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Home Current Issue Comments The European Union Confronted with Biden’s Challenge: What Transatlantic New Deal?

The European Union Confronted with Biden’s Challenge: What Transatlantic New Deal?

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  • Autore:

    Mario Telò

  • Titolo:

    Professor at LUISS and President Emeritus of the Institut d’Etudes Européennes of the Université Libre de Bruxelles

The great presidential turning point and its limits

The election of Joe Biden and Kamala Harris is excellent news for the whole world and, in particular, for the Europeans, in terms of both possible political convergences and common values: ....

 

an approach to the fight against COVID-19 based on science, environmental protection and the fight against climate change, the defense of freedoms and human rights as well as multilateralism are returning to the center of US politics, whereas the populist wave,  including anti-EU tendencies, will lose an essential reference, a strategic framework. The historic significance of this progressive message coming from the only remaining superpower, should not be underestimated. The list of opportunities open for the search for convergences with the EU is large: the reintegration of the Treaty of Paris (COP 21); the likely reopening of negotiations with Iran; a more constructive approach to international organizations, from the United Nations to the World Health Organization and the World Trade Organization.

But we are also aware that these symbolic messages and concrete factors of discontinuity will be conditioned by a high rate of continuity, in particular for three reasons:

a) Joe Biden knows that his absolute record of 81 million votes is almost balanced by the 74 million obtained by Donald Trump: despite the scandals, the errors, the blunders, his arrogance, the latter mobilized millions of voters more than in 2016. Populist nationalism is still strong everywhere in the West and the wave is not exhausted, although in Europe the national populists will have to confide in their local roots. No one knows what the “unpredictable” Donald Trump will be doing with this force in the years to come. That balance of forces will surely condition Joe Biden’s policy as well as Western democracies for several years.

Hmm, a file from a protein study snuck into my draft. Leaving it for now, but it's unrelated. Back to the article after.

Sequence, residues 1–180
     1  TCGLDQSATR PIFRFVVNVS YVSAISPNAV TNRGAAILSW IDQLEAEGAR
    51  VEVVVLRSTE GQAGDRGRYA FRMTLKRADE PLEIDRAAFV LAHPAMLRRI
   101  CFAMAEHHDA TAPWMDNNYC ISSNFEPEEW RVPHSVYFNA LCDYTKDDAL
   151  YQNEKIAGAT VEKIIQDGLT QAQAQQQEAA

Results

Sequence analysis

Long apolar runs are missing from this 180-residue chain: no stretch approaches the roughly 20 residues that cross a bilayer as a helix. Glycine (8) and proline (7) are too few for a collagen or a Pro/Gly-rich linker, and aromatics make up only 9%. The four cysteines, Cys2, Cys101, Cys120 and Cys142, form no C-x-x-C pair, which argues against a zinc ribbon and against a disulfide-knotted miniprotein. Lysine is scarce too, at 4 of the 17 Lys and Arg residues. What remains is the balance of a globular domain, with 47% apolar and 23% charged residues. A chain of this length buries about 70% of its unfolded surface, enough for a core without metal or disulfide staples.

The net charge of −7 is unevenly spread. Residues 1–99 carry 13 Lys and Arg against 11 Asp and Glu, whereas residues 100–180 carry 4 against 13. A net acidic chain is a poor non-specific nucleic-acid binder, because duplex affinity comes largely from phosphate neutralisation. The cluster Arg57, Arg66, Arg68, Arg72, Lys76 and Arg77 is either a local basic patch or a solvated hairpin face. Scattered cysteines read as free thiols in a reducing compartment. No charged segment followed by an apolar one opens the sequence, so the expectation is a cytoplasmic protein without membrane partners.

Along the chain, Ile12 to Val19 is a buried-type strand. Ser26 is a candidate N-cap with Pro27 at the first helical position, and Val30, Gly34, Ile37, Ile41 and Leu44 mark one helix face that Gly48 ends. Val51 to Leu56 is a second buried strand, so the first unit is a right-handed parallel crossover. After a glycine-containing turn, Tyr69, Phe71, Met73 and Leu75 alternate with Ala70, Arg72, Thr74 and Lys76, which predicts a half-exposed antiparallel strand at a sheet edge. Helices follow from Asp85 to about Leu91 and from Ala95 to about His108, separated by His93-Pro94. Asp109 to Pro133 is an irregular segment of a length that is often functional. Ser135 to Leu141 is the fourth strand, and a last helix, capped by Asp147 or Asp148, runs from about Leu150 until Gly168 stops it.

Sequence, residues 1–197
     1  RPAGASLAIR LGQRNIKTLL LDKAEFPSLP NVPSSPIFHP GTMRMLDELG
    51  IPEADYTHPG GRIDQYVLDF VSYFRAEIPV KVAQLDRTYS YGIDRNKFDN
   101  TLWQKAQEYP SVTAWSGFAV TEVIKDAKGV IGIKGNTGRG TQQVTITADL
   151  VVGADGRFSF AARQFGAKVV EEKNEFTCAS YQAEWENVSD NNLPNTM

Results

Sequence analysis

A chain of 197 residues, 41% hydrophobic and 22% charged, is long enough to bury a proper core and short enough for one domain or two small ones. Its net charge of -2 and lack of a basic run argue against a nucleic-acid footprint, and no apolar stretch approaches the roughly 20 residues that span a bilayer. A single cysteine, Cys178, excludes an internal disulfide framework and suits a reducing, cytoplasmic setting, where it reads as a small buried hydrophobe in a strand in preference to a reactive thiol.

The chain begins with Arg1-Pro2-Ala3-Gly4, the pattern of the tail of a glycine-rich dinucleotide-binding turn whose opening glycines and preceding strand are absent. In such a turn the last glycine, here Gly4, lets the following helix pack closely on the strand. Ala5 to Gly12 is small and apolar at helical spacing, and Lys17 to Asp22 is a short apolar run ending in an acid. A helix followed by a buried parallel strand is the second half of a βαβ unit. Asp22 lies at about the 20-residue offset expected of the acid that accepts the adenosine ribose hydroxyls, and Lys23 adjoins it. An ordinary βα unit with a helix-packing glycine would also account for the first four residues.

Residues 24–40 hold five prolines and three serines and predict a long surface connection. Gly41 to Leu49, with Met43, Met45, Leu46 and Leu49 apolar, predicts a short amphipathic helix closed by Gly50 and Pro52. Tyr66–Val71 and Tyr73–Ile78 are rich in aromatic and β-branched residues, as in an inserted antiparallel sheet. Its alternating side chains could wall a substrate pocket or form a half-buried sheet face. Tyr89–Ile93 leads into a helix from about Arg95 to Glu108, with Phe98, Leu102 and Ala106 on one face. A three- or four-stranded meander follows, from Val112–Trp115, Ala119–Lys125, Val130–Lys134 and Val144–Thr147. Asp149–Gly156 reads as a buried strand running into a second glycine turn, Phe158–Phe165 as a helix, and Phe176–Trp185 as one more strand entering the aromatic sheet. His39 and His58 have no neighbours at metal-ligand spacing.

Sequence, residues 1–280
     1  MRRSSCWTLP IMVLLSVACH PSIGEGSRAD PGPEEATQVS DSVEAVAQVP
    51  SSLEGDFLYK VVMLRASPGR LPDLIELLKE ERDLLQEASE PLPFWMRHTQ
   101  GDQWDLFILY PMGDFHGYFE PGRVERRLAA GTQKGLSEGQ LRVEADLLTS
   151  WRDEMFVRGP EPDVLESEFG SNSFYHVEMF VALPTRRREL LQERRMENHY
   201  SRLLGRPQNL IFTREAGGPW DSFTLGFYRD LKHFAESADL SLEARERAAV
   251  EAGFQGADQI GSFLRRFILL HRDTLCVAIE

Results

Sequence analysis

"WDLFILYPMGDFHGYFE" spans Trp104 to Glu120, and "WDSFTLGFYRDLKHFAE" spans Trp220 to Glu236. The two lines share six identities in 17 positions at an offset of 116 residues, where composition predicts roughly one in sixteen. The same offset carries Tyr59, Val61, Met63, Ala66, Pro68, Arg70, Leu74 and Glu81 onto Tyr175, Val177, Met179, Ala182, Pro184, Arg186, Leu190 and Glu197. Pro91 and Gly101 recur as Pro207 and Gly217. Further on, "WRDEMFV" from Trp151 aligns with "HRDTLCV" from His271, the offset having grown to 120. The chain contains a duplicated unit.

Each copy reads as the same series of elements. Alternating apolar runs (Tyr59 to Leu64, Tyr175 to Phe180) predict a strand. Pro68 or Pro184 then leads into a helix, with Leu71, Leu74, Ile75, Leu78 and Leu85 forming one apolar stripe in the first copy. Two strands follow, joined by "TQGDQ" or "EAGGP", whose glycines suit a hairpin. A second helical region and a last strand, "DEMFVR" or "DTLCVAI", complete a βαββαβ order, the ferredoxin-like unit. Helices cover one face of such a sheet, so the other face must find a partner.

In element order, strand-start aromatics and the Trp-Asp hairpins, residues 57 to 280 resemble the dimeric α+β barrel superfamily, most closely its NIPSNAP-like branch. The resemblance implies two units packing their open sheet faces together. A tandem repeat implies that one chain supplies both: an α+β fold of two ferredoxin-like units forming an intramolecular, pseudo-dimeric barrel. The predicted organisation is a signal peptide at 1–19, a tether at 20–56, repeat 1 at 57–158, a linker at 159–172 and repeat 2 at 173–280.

b) The complicity of many Republican officials in Trump’s refusal to recognize the election results, their resilient loyalty to the unprecedented President behavior, despite the discredit that the accusation of fraud and the 6th January tragedy of Capitol Hill, bring upon the American democracy at the global level, confirms that Donald Trump has “trumpified” the majority of the Republican Party, which is accompanied by the change of the Supreme Court in a conservative sense (6-3) for the next decades. Forced to seek to compose a difficult domestic bipartisan consensus, Joe Biden and Kamala Harris will inevitably have limited margins in their search for convergences with allies and external partners. Internal factors will weigh also heavily on foreign policy and according to the Financial Times he will be obliged to often choose between internal unity and international change.

c) A final, essential factor should convince Europeans not to delude themselves and to share a realistic analysis of the geopolitical framework in which Biden / Harris’ success lies. The decline in the international role of the United States, which is unwilling and unable to assume hegemonic responsibilities, in the constructive sense of the concept, that it assumed during the ‘Thirty Glorious Years’ after WW2, is a structural, long-term phenomenon that will inevitably continue during Joe Biden’s presidency. According to the most prestigious representatives of political science, including the Americans (R.O. Keohane, J. Ikenberry…), this decline began in 1971 with Nixon’s decision to put an end to the Bretton Woods international monetary system, based on the dollar; it continued during the presidencies of Reagan and G.W. Bush with their more and more marked distancing vis-à-vis the multilateral organizations, and was exacerbated by D. Trump’s policy of “America first”. Neither Bill Clinton nor Barack Obama have been able to reverse this historical trend.

In a world that has become multipolar, the divergence of multiple economic, commercial and strategic interests between the two transatlantic allies is accompanied by divergences in values (death penalty, welfare state and balance between multilateralism and sovereignty), which have led, for example, the most important living European philosopher, J. Habermas, already in 2004, to write a famous book with the title Der gespaltene Westen, “The divided West”. To prevent a crisis of too high expectations, the alliance should therefore have to adapt through an effort of creativity, reconciling the democratic America with the new status acquired by the EU, which has shown its historical capacity to resist, apart from Brexit, the disintegrating pressure of the Trump presidency.

The “Strategic autonomy” of the EU in the new geopolitical framework

The enthusiasm declared by EU and national leaders after the election of Joe Biden is well justified; hope for future cooperation is associated with their relief at the end of four years of uncertainties, trade wars, genuine humiliations reiterated at NATO and G7 meetings, as well as political differences over fundamental issues such as the environment, trade, and how to manage the pandemic, security, multilateral organizations, etc.